This week’s much-loved crime fiction is a novel that Irish academic and crime writer Rob Kitchin loves, and he’s shared it here because Maxine commented on his review that she loved the book as well.
Ree Dolly is sixteen and old beyond her years, living a hard life trying to make ends meet in a beat up house, deep in the rural Ozarks of Missouri, where every neighbour within thirty miles is also some kind of relative who live by their own code. Her father comes and goes, her mother has slipped into her own hazy world, and her two younger brothers aren’t yet old enough to look after themselves. Not long after her father wanders out to spend a few days doing who knows what, a local deputy comes to the house and tells her that if he doesn’t show up for a court date in a couple of days time the rest of the family will be turned out to fend for themselves and the property handed over to the bail bond company. Determined that his won’t happen she sets out to try and hunt him down, only her suspicious, clannish, extended family seem equally as determined to thwart her.
WINTER’S BONE is a powerful tale, exquisitely told. Woodrell expertly immerses the reader in the rural, clannish society of the Ozarks, creating a multi-textured sense of place populated by authentic familial and social relations. And immersion is the right word; one doesn’t simply read a description of Ree’s world, one is plunged into it, living it with her, experiencing all her anxieties and frustrations. The characterization is excellent and Ree and her close and extended family are full, complex characters which radiate emotional depth and whose interactions and dialogue resonate true. Whilst the story is sombre and bleak, it also has hope, and it quickly hooks the reader in, with the narrative taut and tense, and the prose beautiful and lyrical. Indeed, one of the strengths of Woodrell’s writing is that it is so rich and yet so economical. I sense that WINTER’S BONE is a story that will stay with me for a long time and I very much look forward to reading more of Woodrell’s work.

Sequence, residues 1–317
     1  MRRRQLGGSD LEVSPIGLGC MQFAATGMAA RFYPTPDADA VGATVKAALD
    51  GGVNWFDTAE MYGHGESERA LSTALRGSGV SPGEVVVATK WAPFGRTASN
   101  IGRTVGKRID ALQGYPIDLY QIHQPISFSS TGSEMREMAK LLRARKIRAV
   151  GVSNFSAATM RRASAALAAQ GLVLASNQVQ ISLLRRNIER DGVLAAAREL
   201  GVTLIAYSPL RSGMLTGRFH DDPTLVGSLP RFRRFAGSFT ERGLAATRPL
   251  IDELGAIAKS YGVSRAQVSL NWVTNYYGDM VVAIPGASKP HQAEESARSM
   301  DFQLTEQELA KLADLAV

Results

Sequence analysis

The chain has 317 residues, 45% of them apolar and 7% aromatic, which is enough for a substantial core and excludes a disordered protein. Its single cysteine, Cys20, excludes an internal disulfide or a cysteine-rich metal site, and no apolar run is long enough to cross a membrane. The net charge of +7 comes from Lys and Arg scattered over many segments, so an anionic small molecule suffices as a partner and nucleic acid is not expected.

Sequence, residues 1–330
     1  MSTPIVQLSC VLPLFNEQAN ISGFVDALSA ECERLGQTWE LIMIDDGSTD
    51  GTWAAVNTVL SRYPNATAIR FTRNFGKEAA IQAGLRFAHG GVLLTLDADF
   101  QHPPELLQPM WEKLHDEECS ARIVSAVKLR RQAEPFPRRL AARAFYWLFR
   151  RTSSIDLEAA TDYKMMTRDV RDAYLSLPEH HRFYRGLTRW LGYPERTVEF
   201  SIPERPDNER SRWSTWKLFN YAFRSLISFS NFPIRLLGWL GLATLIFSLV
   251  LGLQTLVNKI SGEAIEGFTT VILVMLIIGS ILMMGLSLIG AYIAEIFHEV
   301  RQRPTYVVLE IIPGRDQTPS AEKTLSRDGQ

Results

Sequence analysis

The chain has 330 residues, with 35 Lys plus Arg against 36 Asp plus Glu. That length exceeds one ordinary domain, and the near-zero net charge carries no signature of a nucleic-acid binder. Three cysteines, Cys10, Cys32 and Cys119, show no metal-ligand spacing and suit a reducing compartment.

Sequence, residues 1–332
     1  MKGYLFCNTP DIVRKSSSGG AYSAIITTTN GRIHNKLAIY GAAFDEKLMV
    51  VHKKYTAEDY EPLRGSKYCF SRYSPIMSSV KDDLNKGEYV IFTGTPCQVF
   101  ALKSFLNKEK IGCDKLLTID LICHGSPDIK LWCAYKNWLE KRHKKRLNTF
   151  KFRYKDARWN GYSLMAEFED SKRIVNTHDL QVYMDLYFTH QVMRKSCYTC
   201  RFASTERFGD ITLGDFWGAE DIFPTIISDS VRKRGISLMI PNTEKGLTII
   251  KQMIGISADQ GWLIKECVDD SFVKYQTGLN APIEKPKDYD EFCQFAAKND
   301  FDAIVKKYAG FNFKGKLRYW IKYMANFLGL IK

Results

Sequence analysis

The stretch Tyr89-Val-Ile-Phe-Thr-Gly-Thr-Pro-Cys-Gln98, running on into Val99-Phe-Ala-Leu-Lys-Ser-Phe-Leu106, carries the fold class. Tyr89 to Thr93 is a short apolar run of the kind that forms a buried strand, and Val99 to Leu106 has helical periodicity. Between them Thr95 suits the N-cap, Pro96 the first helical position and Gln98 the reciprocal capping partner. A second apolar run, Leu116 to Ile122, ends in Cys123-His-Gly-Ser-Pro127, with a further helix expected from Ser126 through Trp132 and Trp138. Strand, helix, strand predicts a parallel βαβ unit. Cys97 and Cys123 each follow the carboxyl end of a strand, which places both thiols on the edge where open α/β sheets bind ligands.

◊ ◊ ◊ ◊ ◊ ◊ ◊ ◊ ◊ ◊ ◊ ◊
Here’s a part of Maxine’s own review of the book
…I kept wondering why Ree let herself suffer so. We know she dreams of joining the US Army, but why does she stay in this closed community – closed to the assistance of education, medicine and the law? I was answered by the end of the book, when Ree’s Greek tragedy is played out: like Frodo, she has played by the only rules that can matter for her, and she receives her reward. A desperately sad book, brilliantly conveying the histories and culture of these people, and one that won’t leave you in a hurry.
author: Daniel Woodrell
original language: English
publication date (UK): 2006 [Sceptre]
Rob Kitchin is Director of a social sciences Institute at an Irish university, has published 21 academic books (soon to be 22), a 12 volume encyclopaedia, 3 crime novels and a collection of short stories. He discusses his crime reading and shares his short fiction at The View From The Blue House